Lindh pleaded guilty in 2002 to aiding the Taliban and carrying weapons. Prosecutors were unable to prove, however, that he went beyond fighting the Taliban’s Afghan enemies by aiding terrorists or trying to kill Americans.
Lindh’s plea agreement capped his sentence at 20 years; he was released early for good behavior. Although that credit is built into the law for all federal prisoners, Sen. Richard C. Shelby (R-Ala.) has called for Lindh to be kept in prison and said he had President Trump’s support.
The family of CIA operative Johnny “Mike” Spann, who was killed in a riot at the Afghan prison where Lindh was held, has been vocal in denouncing his release, although prosecutors and Ellis have said there was no evidence Lindh was involved in Spann’s death.
In a letter to the court Monday, Spann’s father asked Ellis to investigate a 2016 intelligence report that, according to the publication Foreign Policy, said Lindh has “continued to advocate for global jihad and to write and translate violent extremist texts.”
NBC News on Wednesday reported that Lindh had written to a network affiliate in 2015 and said he believed the Islamic State was “doing a spectacular job.” The report said Lindh sent three letters to the station and in one said the terrorist group was “very sincere and serious about fulfilling the long-neglected religious obligation to establish a caliphate through armed struggle, which is the only correct method.”
Lindh has served his time in a unit of Terre Haute Federal Correctional Institution in Indiana, where interactions are highly restricted and monitored.
Officials would not say what time of day he would be released. The morning release was first reported by CNN.
“For safety, security and privacy reasons, we do not comment on individual release plans,” a spokeswoman for the Bureau of Prisons said. “Mr. Lindh is being released in accordance with applicable statutes and BOP regulations.”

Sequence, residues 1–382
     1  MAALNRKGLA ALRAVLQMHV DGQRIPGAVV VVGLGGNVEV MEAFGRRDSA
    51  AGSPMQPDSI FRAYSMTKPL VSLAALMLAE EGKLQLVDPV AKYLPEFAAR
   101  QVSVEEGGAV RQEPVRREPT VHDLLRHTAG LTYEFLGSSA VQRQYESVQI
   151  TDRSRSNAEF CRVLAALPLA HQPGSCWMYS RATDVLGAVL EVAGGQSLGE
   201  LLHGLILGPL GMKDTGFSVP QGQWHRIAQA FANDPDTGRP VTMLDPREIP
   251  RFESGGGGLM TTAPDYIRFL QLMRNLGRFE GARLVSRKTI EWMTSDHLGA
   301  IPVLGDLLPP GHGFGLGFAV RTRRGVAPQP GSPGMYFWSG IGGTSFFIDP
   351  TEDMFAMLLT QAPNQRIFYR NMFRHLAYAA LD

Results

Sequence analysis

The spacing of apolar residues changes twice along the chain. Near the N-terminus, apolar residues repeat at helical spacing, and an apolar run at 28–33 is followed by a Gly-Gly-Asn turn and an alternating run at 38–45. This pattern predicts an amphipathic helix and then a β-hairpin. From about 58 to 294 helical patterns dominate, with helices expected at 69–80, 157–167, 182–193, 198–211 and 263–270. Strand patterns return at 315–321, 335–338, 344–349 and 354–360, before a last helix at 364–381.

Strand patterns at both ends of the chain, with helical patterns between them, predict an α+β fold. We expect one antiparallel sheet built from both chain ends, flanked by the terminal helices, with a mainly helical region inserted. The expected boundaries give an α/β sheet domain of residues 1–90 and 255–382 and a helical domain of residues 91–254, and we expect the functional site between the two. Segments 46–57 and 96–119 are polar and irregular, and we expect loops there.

In prison, he has remained religiously doctrinaire. Going by Yayyah Lindh, he successfully challenged a policy of strip-searching detainees in his unit before visits, because in Islam “a male person is prohibited from exposing the area of his body between the navel and the knees.”
He also won the right in court to cuff his pants above the ankles and participate in daily group prayer.
“This is mandatory and not optional,” he wrote in a 2009 letter to the prison authorities of his religious obligations.
Lindh now must serve three years of supervised release, during which he cannot hold a passport, use the Internet without monitoring, view extremist or terroristic material, communicate with known extremists or converse online in any language other than English without prior approval. He must undergo mental health treatment.
He initially opposed the imposition of those conditions but ultimately acquiesced without a challenge. They were requested by his probation officer, according to an order from Ellis, “given the rare nature of the defendant’s crime and his unique personal history and characteristics.”
Lindh’s family and attorneys declined to comment. But in a question-and-answer session after the guilty plea, defense attorney Tony West said Lindh wanted to get a college degree and doctorate.
West also said prosecutors initially wanted to bar Lindh from ever leaving the country again. Lindh refused to sign any agreement that prevented him from making a pilgrimage to Mecca.
“I would hope that he would make a good transition,” Paul McNulty, former U.S. attorney, said in advance of Lindh’s release, adding that it was understood at the time of the plea that the Taliban supporter would qualify for early release on good behavior. He said the Justice Department was “confident” in its initial, stronger charges against Lindh but thought the plea agreement was “a fair and just resolution of the case.”
Lindh’s attorney, William Cummings, said Lindh must reside in the Eastern District of Virginia to comply with probation. He said Lindh aims to lie low and keep out of trouble; his family has been concerned about death threats.
Lindh, 21 at the time of his arrest, was raised outside San Francisco by a Catholic father and Buddhist mother. He converted to Islam as a teenager after reading “The Autobiography of Malcolm X” and went to the Middle East to study Arabic and religion.
He became increasingly fundamentalist in his views. Living in Pakistan, he wrote his family, “really makes me look upon American society with pity.” At a madrassa there, he later told CNN, his “heart became attached” to the Taliban. He joined the group in Afghanistan, committing to the fight against the Northern Alliance for a “pure Islamic state.”
He trained at an al-Qaeda camp where he met Osama bin Laden, but he told the FBI he declined to join the group or participate in attacks on the United States and Israel. His jihad, he said, was in Afghanistan.
“Bin Laden’s terrorist attacks are completely against Islam,” he said at his sentencing, “completely contrary to the conventions of jihad and without any justification whatsoever. . . . Terrorism is never justified and has proved extremely damaging to Muslims around the world.”
This is a developing story.
Ellen Nakashima contributed to this report.